Students from all over the US, along with quite a few international students, came to NHSMUN with the intention of solving global issues while maintaining an assigned country’s stance. Allison Reid-who, with partner Daniel Hurley, represented Norway in the Legal Committee-addressed the legal aspects of odious debt. “Committee sessions are rather lengthy, but you meet a lot of new people and learn a lot about international affairs and parliamentary procedure,” says Reid. Over the course of the four day conference, she and fellow delegates worked together to create a comprehensive resolution that focused on defining, preventing, and alleviating odious debt.Emily Walenta, of the New Zealand delegation to the UN Social Humanitarian and Cultural Committee, recognized the necessity of teaming up with other nations in order garner support for a proposed resolution. She, with partner Caitlin Dignan, tackled the human rights implications of foreign direct investment and formed a front with delegates from Italy, Canada, and Tanzania to better emphasize New Zealand’s position regarding the involvement of certain Southern Hemisphere nations in the global economic market.

Many of the Millbrook students attending the conference were new to the club this year. Rita Ouimet, a junior and first-time NHSMUN attendee, mentions that “the overall procedure takes some getting used to, but you pick it up by the later sessions. Everything is very formal and must be done a certain way, which makes NHSMUN a good representation of the goings-on of the real UN.”

Many students, staff, and faculty advisors at the conference agree that Model UN is a great way to educate youth on the problems facing the world today. As Director General Jerry Guo mentioned in his closing remarks, we live in a broken world, but the international cooperation promoted by organizations like NHSMUN and IMUNA (NHSMUN’s NGO sponsor) provide hope for the future. “Model UN brings together our nation’s top scholars and gives them an opportunity to delve into real-world issues and come up with appropriate solutions,” says Ryan Parker, vice-president of the Millbrook club. “The things these students accomplish could possibly have an impact on today’s world, if applied.”

Best Dressed Teacher of the Month: Mr. McPherson

authorChronicle Staff April 12, 2010

By Julia Ouimet and Kristin Schaad

Upon hearing that the editors of the Chronicle voted him Best Dressed Teacher of the Month, Mr. McPherson admitted he was quite flattered. “I don’t like spending a lot of money on clothes, I just like to match,” he says. And match he does; looking dapper in a mauve shirt, black slacks, and a tie that pulls the ensemble together.

The consistency in McPherson’s excellent shirt-and-tie combinations is what set him apart this month. “If I’m going to be out and about outside of school, I like the idea of looking like a professional,” he says. “When I was a new teacher, I had a coworker who dressed very well, and I got the impression that wearing a shirt and tie every day gave a certain seriousness to the class.”
When asked about his favorite fashion era, McPherson paid homage to the suit styles of the 1920s. “I like the whole idea of a matching hat. I mean nobody could really pull that off nowadays but it’s still a nice idea…”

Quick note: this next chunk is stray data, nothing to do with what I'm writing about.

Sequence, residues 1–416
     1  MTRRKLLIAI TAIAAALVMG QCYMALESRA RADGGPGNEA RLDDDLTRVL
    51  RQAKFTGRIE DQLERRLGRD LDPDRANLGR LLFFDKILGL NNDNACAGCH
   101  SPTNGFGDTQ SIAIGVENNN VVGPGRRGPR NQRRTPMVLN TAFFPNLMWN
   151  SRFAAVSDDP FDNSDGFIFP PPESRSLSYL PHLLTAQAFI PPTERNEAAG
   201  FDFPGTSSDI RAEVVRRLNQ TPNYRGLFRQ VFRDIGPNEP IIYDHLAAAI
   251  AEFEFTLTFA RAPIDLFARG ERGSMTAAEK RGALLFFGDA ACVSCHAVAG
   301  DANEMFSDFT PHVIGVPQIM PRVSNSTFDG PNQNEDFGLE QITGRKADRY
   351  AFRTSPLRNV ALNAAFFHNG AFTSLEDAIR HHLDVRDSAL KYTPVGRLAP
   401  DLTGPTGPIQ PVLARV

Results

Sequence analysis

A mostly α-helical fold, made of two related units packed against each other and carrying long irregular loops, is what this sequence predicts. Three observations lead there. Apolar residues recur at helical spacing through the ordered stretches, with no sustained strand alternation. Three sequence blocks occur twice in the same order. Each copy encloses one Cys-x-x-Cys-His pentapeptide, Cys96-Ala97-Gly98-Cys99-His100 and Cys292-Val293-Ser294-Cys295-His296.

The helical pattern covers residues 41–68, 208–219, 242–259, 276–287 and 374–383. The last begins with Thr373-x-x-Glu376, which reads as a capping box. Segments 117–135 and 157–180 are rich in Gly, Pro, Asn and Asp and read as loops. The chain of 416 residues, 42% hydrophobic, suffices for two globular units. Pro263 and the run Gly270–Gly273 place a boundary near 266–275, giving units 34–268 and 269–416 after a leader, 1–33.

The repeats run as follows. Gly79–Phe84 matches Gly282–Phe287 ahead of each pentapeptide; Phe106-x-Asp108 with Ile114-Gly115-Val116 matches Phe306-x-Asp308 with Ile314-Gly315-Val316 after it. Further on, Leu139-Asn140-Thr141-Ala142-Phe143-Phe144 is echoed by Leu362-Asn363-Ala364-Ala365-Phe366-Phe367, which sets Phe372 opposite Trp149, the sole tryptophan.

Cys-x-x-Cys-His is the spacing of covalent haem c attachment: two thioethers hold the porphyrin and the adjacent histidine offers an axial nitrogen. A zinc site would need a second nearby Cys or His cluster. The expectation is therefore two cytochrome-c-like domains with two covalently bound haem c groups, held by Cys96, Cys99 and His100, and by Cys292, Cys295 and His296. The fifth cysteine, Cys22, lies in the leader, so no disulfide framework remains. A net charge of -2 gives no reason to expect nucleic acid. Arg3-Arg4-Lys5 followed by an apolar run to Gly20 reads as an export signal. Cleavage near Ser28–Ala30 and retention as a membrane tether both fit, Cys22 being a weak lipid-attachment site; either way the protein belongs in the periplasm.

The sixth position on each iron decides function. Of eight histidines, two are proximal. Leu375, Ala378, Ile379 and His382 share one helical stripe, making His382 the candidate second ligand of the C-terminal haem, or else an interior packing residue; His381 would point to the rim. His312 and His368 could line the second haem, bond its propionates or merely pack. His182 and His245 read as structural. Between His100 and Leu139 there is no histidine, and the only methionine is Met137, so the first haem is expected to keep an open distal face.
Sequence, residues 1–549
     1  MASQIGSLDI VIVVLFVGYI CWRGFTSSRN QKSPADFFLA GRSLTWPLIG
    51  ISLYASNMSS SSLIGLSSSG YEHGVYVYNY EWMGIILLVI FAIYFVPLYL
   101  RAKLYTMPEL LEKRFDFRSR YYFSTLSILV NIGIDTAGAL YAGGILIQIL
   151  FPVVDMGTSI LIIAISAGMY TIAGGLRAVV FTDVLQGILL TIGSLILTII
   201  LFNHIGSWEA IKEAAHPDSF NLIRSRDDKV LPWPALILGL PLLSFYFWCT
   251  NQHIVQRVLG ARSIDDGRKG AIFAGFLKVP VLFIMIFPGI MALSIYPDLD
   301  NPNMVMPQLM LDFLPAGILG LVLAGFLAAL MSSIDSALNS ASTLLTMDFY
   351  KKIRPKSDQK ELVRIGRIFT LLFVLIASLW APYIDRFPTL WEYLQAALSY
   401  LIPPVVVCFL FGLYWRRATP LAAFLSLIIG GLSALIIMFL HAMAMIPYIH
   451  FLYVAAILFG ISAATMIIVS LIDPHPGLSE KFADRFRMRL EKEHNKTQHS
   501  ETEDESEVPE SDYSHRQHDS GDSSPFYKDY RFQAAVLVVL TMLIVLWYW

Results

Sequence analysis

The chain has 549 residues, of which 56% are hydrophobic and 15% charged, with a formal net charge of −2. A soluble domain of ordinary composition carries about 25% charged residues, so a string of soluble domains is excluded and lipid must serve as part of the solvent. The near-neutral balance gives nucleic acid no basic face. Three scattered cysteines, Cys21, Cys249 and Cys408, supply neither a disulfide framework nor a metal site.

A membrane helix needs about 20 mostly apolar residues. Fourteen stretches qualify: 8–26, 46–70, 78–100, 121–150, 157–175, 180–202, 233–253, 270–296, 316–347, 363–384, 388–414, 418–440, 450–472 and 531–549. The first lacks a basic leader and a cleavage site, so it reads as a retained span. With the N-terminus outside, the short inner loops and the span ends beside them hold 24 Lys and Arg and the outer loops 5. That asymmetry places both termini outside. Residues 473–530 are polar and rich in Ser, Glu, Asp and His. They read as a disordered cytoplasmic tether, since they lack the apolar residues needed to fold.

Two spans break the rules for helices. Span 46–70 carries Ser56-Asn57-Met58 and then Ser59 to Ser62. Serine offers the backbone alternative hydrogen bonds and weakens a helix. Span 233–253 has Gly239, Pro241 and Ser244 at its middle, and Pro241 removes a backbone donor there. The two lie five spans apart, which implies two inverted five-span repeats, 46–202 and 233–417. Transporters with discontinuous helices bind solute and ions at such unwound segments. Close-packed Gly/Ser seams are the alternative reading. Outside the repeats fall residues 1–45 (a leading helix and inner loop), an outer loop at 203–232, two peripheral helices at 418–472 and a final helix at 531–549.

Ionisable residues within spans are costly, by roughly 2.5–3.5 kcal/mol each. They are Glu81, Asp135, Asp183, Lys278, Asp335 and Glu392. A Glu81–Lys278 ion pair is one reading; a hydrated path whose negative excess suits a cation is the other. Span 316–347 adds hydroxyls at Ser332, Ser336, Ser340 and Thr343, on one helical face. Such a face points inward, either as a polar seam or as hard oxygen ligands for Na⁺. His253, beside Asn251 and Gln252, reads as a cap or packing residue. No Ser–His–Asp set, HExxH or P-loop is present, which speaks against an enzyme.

Want to get the McPherson look? “Macy’s,” he says, “has the best sales.” He also frowns upon shopping online because “stuff just never fits right.”
While we applaud McPherson’s keen eye for color and professional approach to fashion, there are some accessories he just can’t make work. “I wish I could pull off the suspenders like Mr. Shanley,” he says.

MHS Drama Clubbers Suffer from Post-Play Depression

By Tess Dunlap

The Millbrook High School Drama Club executed a fabulous production of Disney’s Beauty and the Beast a few weeks ago. However, some participants are suffering from “post-play depression,” as many call it. From the unexpected emptiness of actually going home right after school to the anticipation of next year, Drama Club students are both sad and excited, most notably Dan Hurley.
“I just had so much fun!” says Hurley, fresh from his role as Lumiere in the production. “Then the next day it hit me: I will never be a candle again.”
His thoughts about next year? “We’re losing a lot of great seniors on both cast and crew, but we’ll do the best we can.” Well, we’re all sure it’ll be great, Dan.

Celeb Gossip: Music Review & Update

 
By Jonathan Campbell

The music industry is bustling with activity as spring rolls around. All the major record labels are wondering who will be the next big hit and which artist will make it to the top. Additionally, Itunes held a “Countdown to 10 Billion Songs” contest. The music retailer’s 10 billionth song downloaded, “Guess Things Happen That Way” by Johnny Cash, was downloaded by Louie Sulcer of Woodstock, Georgia. As the grand prize winner of Apple’s 10 Billion Songs Countdown contest, Louie will receive a $10,000 iTunes Gift Card. Congratulations Louie! Moreover, the Black Eyed Peas “I Gotta Feelin’” became the single most downloaded song in Itune’s history! (It is a great song, I might add). Anyway, here are Billboards Top 10 picks for this week:

1. Rude Boy - Rihanna
2. Nothin’ On You - B.o.B Featuring Bruno Mars
3. Hey, Soul Sister - Train
4. Need You Now - Lady Antebellum
5. Telephone - Lady Gaga Featuring Beyonce